Matty Smith enjoyed a distinguished career as a scheming scrum-half after honing his footballing skills during three years in Everton’s junior ranks alongside Wayne Rooney.
Smith then graduated through the vaunted academy at St Helens before becoming a master of his craft and serial trophy winner at deadly rivals Wigan Warriors.
A St Helens lad, Smith later returned for a second stint in the Red V before hanging up his boots at the end of last season following a spell at Widnes Vikings.
Now Smith is carving out a growing reputation in the coaching ranks, having taken over St Helens women’s team at the start of 2023.
Smith’s side will face Leeds Rhinos on Saturday in the first women’s Challenge Cup final to be played at Wembley alongside the men’s final.
The 36-year-old is also part of Paul Wellens’ coaching staff as the men’s team chase a record-extending fifth successive Super League title.
“Taking the St Helens women’s team has just been a fantastic opportunity for me,” Smith told Love Rugby League.
“When Mike Rush (chief executive) approached me about taking the job, I actually couldn’t say yes quickly enough.
“Being back involved with this great club is brilliant because I get to coach the women and assist Wello too.
“I’m full-time with the men during the day and coach the girls in the evening, so I’m a busy man!
“But I’ve learnt so much in a short space of time from all the lads and from great coaches in Wello, Laurent Frayssinous and Ian Talbot.
“I love coaching the women and making tough decisions over selection as a head coach, so for me it’s just about continuing to develop and get better.
“This weekend is an unbelievable opportunity for our women’s team and women’s rugby league in general.
“Jodie Cunningham mentioned the other day about playing in a Challenge Cup final at Batley in 2013 – and now she’s playing at Wembley.
“10 years down the line, to be playing at your national stadium, is what we want for these girls and the women’s game.
“The stage doesn’t get any bigger and I know they’re going to go out and give it everything they’ve got on Saturday against a very good Leeds Rhinos side.”
‘That’s probably my claim to fame – I played with Wayne Rooney!’ – Matty Smith
Challenge Cup final weeks tend to throw up some interesting stories and Smith’s is certainly one of the more intriguing.
The boyhood Saints fan remembered: “As a young lad, I played rugby league and football.
“I was at Wigan Athletic first and then got signed by Everton when I was 12.
“I got released by Everton when I was 15… just before they started paying us!
“Of the 25 lads in the squad, I think only five got kept on.
“But I was lucky in that I got to experience training and playing with Wayne Rooney.
“He was a year older than me but on Saturday mornings we would train against them.
“But a couple of times they would mix the teams up a bit, so I got to play up front with Wayne.
“He was obviously special back then – he was unbelievable – and was always going to be a good player.
“But to do what he went on to achieve was sensational.
“That’s probably my claim to fame – I played with Wayne Rooney.
“For me, the football just didn’t work out so I turned to rugby league and didn’t look back really.
“Things happened pretty quickly after I joined St Helens on scholarship before being signed on.
“Playing football definitely helped me with my kicking game in rugby league, which as a half-back is massively important.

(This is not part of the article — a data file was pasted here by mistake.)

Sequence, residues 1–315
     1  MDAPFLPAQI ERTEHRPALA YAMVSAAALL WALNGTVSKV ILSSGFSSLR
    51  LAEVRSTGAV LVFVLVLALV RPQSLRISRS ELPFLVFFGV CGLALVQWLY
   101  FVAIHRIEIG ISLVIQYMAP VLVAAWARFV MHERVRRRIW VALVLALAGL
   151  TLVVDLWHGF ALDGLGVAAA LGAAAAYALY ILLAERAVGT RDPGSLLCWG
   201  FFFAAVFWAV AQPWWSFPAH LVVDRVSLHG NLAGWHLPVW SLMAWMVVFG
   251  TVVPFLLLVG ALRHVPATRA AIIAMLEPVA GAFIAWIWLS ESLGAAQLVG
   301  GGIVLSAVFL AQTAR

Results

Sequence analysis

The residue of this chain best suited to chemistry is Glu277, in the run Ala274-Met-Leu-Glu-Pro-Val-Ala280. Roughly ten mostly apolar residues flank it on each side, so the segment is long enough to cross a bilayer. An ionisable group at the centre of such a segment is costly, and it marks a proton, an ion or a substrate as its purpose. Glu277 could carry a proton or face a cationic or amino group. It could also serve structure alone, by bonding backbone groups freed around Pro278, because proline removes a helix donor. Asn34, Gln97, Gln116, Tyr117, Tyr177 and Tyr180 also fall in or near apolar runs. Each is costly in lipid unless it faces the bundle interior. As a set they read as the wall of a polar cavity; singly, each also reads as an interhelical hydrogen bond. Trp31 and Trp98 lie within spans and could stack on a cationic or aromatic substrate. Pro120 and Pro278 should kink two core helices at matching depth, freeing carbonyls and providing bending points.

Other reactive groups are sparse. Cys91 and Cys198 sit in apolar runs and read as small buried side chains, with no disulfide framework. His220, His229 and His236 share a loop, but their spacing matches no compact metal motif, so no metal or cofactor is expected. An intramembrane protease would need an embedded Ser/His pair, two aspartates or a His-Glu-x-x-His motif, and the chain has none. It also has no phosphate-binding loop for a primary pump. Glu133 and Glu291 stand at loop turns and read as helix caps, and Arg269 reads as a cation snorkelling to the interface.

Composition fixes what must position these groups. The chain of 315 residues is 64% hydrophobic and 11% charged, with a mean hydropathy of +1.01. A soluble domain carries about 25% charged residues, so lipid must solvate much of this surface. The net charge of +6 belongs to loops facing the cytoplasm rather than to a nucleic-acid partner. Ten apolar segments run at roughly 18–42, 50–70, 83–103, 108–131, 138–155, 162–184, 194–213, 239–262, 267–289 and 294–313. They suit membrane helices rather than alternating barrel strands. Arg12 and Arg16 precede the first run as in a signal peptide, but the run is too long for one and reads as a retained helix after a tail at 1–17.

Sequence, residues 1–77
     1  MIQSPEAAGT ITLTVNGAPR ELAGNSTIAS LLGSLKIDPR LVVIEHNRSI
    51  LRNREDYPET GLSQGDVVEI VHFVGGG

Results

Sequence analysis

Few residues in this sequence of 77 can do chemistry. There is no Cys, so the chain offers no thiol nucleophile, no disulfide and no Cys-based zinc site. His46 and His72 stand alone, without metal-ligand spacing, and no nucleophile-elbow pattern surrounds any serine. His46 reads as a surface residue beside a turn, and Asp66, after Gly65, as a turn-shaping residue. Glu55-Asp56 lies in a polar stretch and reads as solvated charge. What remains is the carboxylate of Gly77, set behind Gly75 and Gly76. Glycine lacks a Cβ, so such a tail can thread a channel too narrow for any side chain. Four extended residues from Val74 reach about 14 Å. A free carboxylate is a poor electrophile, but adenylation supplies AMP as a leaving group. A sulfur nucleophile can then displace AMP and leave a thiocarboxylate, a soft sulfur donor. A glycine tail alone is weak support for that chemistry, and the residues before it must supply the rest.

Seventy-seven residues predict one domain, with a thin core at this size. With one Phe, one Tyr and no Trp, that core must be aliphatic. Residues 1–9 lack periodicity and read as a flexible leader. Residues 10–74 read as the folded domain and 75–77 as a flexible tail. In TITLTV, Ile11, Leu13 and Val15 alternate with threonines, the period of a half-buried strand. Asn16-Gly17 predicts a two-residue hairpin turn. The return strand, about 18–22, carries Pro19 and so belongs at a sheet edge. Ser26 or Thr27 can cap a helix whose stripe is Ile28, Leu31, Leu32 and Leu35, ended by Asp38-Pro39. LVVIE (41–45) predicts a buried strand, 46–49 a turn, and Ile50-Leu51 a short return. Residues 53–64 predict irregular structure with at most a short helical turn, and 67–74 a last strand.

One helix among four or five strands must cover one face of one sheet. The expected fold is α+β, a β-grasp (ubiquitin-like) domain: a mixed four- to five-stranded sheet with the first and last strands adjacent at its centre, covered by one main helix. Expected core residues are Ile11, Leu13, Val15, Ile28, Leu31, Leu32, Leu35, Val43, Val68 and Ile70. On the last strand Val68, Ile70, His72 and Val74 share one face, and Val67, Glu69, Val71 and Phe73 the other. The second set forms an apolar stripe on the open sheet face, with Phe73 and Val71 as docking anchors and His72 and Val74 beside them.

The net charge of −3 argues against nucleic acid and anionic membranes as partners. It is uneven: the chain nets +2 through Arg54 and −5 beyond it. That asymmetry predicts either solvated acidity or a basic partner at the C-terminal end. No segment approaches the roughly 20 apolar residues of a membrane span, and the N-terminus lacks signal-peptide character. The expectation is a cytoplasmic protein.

“Also just being in that elite environment for three years at Everton, at such a young age, definitely helped set me up for when I joined St Helens.
“At Everton I got to experience playing abroad and I just think it’s good to enjoy different sports.
“My little lad plays rugby now and that helps him with his football.
“Likewise, playing football helps him with his rugby, as it did with me.”
Coming through the ranks in one of the greatest ever Super League teams
Smith made his debut for Saints in 2006, the year the club won a glorious treble under Daniel Anderson with one of the greatest sides in Super League history.
“To come through at that time was special,” said Smith.
“I wasn’t getting much game-time, but learning from Sean Long, Leon Pryce, Keiron Cunningham and Paul Sculthorpe was unbelievable. It was a special squad.”
10 years on from winning the Lance Todd Trophy at Wembley
Smith’s most successful spell as a player was under Shaun Wane at Wigan, where he won two Super League Grand Finals in 2013 and 2016.
A decade ago, Smith won the Lance Todd Trophy as man of the match in the 2013 Challenge Cup final as Wigan defeated Hull FC 16-0 at Wembley.
“That was the only time I played at Wembley,” said Smith.
“It was raining and I remember waking up that morning and thinking ‘this suits me down to the ground, I’ll kick them to death’.
“When I look back at my career, I played for England and in Grand Finals but because I only got to play at Wembley once, it was probably the best thing I ever did.
“That’s why I’ll be telling our girls this weekend to savour every moment because it’s going to be an incredibly special occasion.”
Matty Smith loving his time in the coaches’ box
Smith has thrived in his dual role with St Helens and is open-minded about the future.
His old Everton contemporary Rooney, 37, is making his name as a football manager, having taken on his current role at MLS side DC United after impressing at Derby County.
Smith reasoned: “I think you’ve got to dream big, haven’t you?
“I know my place at the minute and I know I’ve got to take my time with it.
“I’ve been around the game a long time and the best coaches I’ve worked with served apprenticeships, were assistant coaches and worked their way up.
“I understand that and don’t want to rush into anything.
“I know I’m a head coach now with the women but, in terms of how I progress, I have to do it gradually.
“But I’m certainly loving both roles at the moment and long may it continue.”